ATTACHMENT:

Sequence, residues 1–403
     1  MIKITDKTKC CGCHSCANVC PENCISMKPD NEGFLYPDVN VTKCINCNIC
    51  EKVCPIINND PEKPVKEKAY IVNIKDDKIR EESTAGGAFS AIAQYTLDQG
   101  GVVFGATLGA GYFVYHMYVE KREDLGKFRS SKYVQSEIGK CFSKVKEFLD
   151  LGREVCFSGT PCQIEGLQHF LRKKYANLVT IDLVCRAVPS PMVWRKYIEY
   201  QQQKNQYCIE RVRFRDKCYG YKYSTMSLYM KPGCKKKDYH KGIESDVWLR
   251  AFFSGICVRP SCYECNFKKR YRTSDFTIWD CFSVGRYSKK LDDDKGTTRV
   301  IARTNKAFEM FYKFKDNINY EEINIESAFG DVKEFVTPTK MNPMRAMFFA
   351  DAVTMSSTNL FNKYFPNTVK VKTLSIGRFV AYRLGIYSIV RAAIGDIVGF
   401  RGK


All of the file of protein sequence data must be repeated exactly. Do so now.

Sequence, residues 1–403
     1  MIKITDKTKC CGCHSCANVC PENCISMKPD NEGFLYPDVN VTKCINCNIC
    51  EKVCPIINND PEKPVKEKAY IVNIKDDKIR EESTAGGAFS AIAQYTLDQG
   101  GVVFGATLGA GYFVYHMYVE KREDLGKFRS SKYVQSEIGK CFSKVKEFLD
   151  LGREVCFSGT PCQIEGLQHF LRKKYANLVT IDLVCRAVPS PMVWRKYIEY
   201  QQQKNQYCIE RVRFRDKCYG YKYSTMSLYM KPGCKKKDYH KGIESDVWLR
   251  AFFSGICVRP SCYECNFKKR YRTSDFTIWD CFSVGRYSKK LDDDKGTTRV
   301  IARTNKAFEM FYKFKDNINY EEINIESAFG DVKEFVTPTK MNPMRAMFFA
   351  DAVTMSSTNL FNKYFPNTVK VKTLSIGRFV AYRLGIYSIV RAAIGDIVGF
   401  RGK